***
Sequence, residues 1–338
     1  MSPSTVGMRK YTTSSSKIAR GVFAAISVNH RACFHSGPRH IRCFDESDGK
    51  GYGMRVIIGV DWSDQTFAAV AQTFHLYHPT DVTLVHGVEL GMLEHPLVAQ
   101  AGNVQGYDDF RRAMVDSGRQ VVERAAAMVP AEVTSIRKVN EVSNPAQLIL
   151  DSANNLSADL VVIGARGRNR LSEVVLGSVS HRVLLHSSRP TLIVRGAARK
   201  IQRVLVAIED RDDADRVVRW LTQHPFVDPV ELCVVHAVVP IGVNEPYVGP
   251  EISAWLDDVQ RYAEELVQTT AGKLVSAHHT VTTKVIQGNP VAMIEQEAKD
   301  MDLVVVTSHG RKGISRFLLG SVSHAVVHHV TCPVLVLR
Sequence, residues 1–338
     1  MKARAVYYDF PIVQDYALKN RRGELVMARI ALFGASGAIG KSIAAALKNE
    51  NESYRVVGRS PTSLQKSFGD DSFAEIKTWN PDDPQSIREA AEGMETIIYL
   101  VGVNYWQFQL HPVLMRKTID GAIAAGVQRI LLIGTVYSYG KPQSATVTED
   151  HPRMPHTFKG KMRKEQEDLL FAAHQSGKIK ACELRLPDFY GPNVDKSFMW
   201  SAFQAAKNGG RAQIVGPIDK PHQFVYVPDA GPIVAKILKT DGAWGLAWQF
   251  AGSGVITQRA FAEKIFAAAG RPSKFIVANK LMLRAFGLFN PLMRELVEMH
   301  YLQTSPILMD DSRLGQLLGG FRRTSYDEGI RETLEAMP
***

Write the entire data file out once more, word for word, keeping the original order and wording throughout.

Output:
Sequence, residues 1–338
     1  MSPSTVGMRK YTTSSSKIAR GVFAAISVNH RACFHSGPRH IRCFDESDGK
    51  GYGMRVIIGV DWSDQTFAAV AQTFHLYHPT DVTLVHGVEL GMLEHPLVAQ
   101  AGNVQGYDDF RRAMVDSGRQ VVERAAAMVP AEVTSIRKVN EVSNPAQLIL
   151  DSANNLSADL VVIGARGRNR LSEVVLGSVS HRVLLHSSRP TLIVRGAARK
   201  IQRVLVAIED RDDADRVVRW LTQHPFVDPV ELCVVHAVVP IGVNEPYVGP
   251  EISAWLDDVQ RYAEELVQTT AGKLVSAHHT VTTKVIQGNP VAMIEQEAKD
   301  MDLVVVTSHG RKGISRFLLG SVSHAVVHHV TCPVLVLR
Sequence, residues 1–338
     1  MKARAVYYDF PIVQDYALKN RRGELVMARI ALFGASGAIG KSIAAALKNE
    51  NESYRVVGRS PTSLQKSFGD DSFAEIKTWN PDDPQSIREA AEGMETIIYL
   101  VGVNYWQFQL HPVLMRKTID GAIAAGVQRI LLIGTVYSYG KPQSATVTED
   151  HPRMPHTFKG KMRKEQEDLL FAAHQSGKIK ACELRLPDFY GPNVDKSFMW
   201  SAFQAAKNGG RAQIVGPIDK PHQFVYVPDA GPIVAKILKT DGAWGLAWQF
   251  AGSGVITQRA FAEKIFAAAG RPSKFIVANK LMLRAFGLFN PLMRELVEMH
   301  YLQTSPILMD DSRLGQLLGG FRRTSYDEGI RETLEAMP